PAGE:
God, not giving us more then we can handle?

Good Monday Morning to this week 20 of 2019

Though “God won’t give you more than you can handle” is a favorite quote of many Christians, it’s like quite a few verses that are mentioned but don’t actually appear in the Bible.

Some verses suggest the opposite approach:

Rather than never putting His followers in situations, they can’t handle, God occasionally does overwhelm them so they can grow into people capable of handling anything.

1 Corinthians 1:8  He will also keep you firm to the end so that you will be blameless on the day of our Lord Jesus Christ.

Psalm 38:4 My guilt has overwhelmed me like a burden too heavy to bear.

1 Kings 19:7  The angel of the Lord came back a second time and touched him and said, “Get up and eat, for the journey is too much for you.”

Does it mean God takes into account our independent possibilities based on our track record of handling trouble and, thus, measures out that trouble to us so that it doesn’t go beyond what “we” independently by our own resources can handle?

Or, does “we” mean that we can handle it if we receive it by faith in divine assistance and that God knows what he himself will give us by grace in enabling us to handle what he gives us — so he is not thinking of “we” as independent, but “we” as dependent on the grace that comes with the difficulty? Which of those two does this statement ask about?

And “handle.” What does “handle” mean? Does “handle” mean you never collapse under it? Does it mean you never fail in any task? Does it mean you never mess up? Does it mean you never fail to get a B+ on every one of life’s tests? Or does “handle” mean you never fail so that you never recover or repent or restore reconciliation and that you are finally lost because you failed? Which does “handle” mean?

Corinthians 10:13: “no temptation” — or “test” since it is the same word in Greek — “no test has overtaken you that is not common to man. God is faithful, and he will not let you be tempted [tested] beyond your ability” — or beyond what you are able — “but with the temptation, he will also provide the way of escape, that you may be able to endure it.”

When Paul says he won’t give what is beyond what you are able, he means, not beyond what you are able with God’s help. We know that because of a couple of other things he says. For example, in 2 Corinthians 9:8 he says, “God is able to make all grace abound to you, so that having all sufficiency in all things at all times, you may abound in every good work.” In other words, in every test or temptation, the question is, “Will I do what I ought to do?” And Paul says, “There will be grace,” not just, “I am depending on you to use your resources without depending on grace.” “I am giving you grace so there will be grace to do it. But you are not independent of my powers to help.”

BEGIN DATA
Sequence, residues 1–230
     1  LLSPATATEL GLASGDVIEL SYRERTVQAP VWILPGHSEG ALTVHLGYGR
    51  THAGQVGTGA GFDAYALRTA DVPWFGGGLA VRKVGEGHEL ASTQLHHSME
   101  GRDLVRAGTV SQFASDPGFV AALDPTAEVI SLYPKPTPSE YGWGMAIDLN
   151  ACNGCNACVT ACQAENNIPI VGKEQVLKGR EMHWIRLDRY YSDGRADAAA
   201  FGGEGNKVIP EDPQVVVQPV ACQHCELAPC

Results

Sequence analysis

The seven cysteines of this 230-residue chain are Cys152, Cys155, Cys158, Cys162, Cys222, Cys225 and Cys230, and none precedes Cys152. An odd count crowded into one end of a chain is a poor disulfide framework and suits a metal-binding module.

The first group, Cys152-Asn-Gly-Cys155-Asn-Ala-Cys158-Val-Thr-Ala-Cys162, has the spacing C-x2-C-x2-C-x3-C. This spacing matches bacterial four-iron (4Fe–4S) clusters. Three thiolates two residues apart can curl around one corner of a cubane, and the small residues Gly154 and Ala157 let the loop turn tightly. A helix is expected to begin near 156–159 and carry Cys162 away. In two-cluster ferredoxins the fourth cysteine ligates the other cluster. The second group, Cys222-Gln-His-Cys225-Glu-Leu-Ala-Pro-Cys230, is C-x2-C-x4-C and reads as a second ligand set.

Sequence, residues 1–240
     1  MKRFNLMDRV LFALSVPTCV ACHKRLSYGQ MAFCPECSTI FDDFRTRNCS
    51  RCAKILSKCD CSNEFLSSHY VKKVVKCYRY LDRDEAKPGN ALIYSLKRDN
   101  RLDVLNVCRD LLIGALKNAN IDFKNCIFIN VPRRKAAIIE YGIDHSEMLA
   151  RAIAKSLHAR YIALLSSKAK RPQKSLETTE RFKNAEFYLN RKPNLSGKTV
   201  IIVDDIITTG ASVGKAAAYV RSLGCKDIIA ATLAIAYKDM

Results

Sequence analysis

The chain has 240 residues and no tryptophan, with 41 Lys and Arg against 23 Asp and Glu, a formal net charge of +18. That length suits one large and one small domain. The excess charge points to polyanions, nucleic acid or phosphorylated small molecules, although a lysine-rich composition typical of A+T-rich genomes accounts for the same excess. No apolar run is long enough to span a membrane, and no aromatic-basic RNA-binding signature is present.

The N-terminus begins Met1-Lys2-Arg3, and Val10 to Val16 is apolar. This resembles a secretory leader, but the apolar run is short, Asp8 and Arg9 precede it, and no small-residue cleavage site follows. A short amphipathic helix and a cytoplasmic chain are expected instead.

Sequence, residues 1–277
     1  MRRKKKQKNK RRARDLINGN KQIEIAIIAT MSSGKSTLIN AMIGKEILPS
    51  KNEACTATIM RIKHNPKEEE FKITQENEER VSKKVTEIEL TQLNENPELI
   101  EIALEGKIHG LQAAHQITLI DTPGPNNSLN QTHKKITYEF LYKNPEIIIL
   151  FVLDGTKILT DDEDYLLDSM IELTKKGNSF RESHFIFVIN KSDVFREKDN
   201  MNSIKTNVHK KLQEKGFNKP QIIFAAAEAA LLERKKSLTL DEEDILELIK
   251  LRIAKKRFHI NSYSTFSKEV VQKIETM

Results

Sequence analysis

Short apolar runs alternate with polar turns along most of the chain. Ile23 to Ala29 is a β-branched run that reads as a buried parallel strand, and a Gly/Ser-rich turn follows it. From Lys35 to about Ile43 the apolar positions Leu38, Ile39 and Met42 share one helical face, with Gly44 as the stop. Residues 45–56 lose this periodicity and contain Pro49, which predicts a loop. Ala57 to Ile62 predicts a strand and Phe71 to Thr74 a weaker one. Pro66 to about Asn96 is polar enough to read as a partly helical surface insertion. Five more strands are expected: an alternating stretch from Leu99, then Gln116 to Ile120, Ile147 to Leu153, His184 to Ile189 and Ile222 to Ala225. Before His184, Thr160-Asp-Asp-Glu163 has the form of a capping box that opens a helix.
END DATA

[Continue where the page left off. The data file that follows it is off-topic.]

“What could this mean, ‘we’  in this statement: ‘God will never give us more than “we” can handle’?” is that “we” means we who are helped by sovereign grace, not we independent of the power of God’s help.

With the prophet Daniel, for example, God led him off into captivity. But He never brought him “through” Babylon and back to Israel. Instead, He kept him there through king after king, battle after battle, danger after danger. Daniel grew old and died far from home, never seeing the land he longed for. But God used that time for some amazing displays of His power to make an impact there.

So, yes we get completely overwhelmed, overstretched, far beyond what we can handle, and in that we find His Grace, his power to help, to assist us and walk us through the deep trouble.

Some more promises:

He who began a good work in you will bring it to completion.

Those whom he predestined he also called, and those whom he called he also justified, and those whom he justified he also glorified.” He is going to keep you.

But I have prayed for you that your faith may not fail. And when you have turned again, strengthen your brothers.” I prayed for you. Yes, you are going to deny me tonight, but I am bringing you back.

One conclusion:

We get completely overwhelmed, overstretched, far beyond what we can handle, and in that we find His Grace, his power to help, to assist us and walk us through the deep dark and hard valleys.

I wish you His grace this week!

Philemon

 

 

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